More positive is the short but exceptionally sweet love song Everybody Knows, the negativity of PS turned round by "when you took me in your arms, I knew I'd revive, you breathed me in so deeply". As with what's gone before, they eschew the kitchen sink approach of Seven for something more simple, more subtle and it feels like James can breathe rather than having to fight the scale of their own ambition and the weight of expectation that had been placed on them just a few years earlier.

Things are stripped right back for Knuckle Too Far, a journey song about months on the road living out of a suitcase, "blurring from town to town", a tale of the existence the overdecade success of the band had brought to them. Its beauty, like so much before it, is the realisation that not every little bit of space needs to be filled, that sometimes less is a damn sight more.

The band are less kind about Low Low Low than the rest of the album, but it's harsh on the song that lightens the mood of a record that's very intense up to this point. What's not to love about a song that doesn't take itself too seriously and introduces itself with the "I'm a member of an ape-like race at the arsehole end of the 20th Century". The less said about the reworking of it into Goal Goal Goal for the 1994 World Cup the better though. Fortunately we're not subjected to that on this compilation.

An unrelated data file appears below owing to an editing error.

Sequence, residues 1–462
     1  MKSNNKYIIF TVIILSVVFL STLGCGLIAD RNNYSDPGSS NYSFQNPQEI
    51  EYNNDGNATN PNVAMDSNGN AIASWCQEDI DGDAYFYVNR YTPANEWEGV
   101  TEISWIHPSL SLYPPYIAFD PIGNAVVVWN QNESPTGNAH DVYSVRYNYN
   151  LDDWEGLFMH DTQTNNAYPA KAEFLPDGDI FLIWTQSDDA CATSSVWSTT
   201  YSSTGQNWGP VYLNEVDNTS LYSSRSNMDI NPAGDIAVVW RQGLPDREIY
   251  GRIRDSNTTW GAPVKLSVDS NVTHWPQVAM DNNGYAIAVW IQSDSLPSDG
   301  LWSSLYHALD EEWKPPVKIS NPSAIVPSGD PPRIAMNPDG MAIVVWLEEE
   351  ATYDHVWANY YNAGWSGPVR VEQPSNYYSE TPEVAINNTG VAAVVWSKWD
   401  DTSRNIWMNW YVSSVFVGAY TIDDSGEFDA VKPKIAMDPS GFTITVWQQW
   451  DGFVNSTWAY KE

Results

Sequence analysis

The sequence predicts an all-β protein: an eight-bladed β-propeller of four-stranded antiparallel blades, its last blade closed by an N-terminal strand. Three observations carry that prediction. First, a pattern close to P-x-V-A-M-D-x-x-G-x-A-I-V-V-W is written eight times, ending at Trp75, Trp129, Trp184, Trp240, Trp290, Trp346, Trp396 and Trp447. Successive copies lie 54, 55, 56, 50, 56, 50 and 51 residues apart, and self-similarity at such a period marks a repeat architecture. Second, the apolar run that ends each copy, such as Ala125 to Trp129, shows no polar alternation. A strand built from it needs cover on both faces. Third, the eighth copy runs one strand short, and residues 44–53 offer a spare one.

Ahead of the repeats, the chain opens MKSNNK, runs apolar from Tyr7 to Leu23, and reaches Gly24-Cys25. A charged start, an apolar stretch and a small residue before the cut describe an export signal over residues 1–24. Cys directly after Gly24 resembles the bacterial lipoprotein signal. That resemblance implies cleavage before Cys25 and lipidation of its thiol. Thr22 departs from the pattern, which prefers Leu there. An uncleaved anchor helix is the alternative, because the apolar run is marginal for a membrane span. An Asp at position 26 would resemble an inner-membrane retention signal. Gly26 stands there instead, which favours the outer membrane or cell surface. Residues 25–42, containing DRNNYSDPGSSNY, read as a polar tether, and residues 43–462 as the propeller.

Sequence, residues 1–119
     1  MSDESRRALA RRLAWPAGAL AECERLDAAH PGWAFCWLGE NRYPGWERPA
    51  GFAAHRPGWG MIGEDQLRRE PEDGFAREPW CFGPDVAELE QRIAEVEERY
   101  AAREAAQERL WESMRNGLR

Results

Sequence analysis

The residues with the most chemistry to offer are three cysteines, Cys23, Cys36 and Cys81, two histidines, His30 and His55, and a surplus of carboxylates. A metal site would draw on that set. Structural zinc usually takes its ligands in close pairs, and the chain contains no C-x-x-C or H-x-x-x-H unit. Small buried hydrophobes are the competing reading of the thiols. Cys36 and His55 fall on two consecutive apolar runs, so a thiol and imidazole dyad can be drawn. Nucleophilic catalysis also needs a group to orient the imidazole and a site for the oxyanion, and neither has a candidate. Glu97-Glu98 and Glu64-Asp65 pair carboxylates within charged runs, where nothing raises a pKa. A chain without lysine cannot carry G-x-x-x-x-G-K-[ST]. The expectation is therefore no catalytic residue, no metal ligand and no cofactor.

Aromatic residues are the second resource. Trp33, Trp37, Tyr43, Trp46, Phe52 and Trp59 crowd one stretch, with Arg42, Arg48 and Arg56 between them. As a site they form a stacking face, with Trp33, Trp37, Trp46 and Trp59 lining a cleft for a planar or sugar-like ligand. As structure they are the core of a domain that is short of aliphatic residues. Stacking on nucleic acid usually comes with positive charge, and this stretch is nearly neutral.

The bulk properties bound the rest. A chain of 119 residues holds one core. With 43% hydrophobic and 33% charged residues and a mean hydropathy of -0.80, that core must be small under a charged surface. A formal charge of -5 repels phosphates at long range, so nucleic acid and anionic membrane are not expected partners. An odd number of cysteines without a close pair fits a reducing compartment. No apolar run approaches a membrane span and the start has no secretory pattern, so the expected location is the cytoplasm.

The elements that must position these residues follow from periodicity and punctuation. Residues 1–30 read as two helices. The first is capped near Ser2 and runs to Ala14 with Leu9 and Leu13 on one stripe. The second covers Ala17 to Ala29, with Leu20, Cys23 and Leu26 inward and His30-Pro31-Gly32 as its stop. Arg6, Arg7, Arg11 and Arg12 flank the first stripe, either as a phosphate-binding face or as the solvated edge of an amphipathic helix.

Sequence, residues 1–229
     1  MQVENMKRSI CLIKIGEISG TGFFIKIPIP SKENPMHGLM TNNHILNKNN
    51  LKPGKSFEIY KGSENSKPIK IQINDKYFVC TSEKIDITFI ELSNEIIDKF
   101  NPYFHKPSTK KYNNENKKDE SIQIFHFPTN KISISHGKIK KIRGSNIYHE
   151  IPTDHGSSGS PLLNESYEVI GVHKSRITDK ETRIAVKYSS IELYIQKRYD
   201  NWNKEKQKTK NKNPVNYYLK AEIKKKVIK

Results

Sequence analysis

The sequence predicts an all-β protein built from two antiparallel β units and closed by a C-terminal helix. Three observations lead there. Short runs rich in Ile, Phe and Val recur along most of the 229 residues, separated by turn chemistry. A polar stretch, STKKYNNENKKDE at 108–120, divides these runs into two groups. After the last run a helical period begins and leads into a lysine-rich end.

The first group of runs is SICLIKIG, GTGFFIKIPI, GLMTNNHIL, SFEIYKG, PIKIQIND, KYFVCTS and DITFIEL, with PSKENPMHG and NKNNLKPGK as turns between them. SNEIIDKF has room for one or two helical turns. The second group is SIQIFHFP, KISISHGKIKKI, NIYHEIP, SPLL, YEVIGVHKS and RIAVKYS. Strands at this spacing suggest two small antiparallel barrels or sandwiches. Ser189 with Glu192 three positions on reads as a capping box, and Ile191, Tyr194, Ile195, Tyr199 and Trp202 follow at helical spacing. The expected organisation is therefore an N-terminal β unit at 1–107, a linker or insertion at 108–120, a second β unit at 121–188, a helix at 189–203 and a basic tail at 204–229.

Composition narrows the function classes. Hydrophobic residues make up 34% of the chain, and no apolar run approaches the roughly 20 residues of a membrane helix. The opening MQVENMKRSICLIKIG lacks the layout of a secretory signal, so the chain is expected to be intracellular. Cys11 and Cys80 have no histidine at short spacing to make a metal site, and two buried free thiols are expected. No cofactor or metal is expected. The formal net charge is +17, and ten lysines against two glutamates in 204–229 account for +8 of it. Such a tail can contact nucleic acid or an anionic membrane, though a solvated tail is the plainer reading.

It's also the perfect introduction for Laid, the title track (although originally called Raid), and if the legend is correct the band would have left this as a demo before Eno insisted there was something to work with. It's a fun song, it's a perfect sub-three minute pop song with its slightly wonky timing, playful and often silly lyric. It broke them in America and soundtracked the American Pie film series.

As if enough fun had been had, Lullaby brings proceedings back down. An eerie song about the impact of child abuse, it's one that has prompted many people to tell the band it got them through some very dark times. The stark simplicity of the chilling bass line and the forceful intonation of certain lines in the song just adds to the claustrophobic feeling.

The album closes with Skindiving, not so much a song, but an ambient piece of mood music, with some gorgeous falsetto singing over the top of it. Its opening line however could sum up this record and the impact of its producer - "put your hands inside the stream, unzip the skin, release the steam." It's exactly what Eno did with James on Laid. He turned them inside out, took them back to the very core of how they wrote when they first started off, jamming, never repeating anything and creating a sound that was organic and natural, and quite often unlike anything anyone else was doing at the time.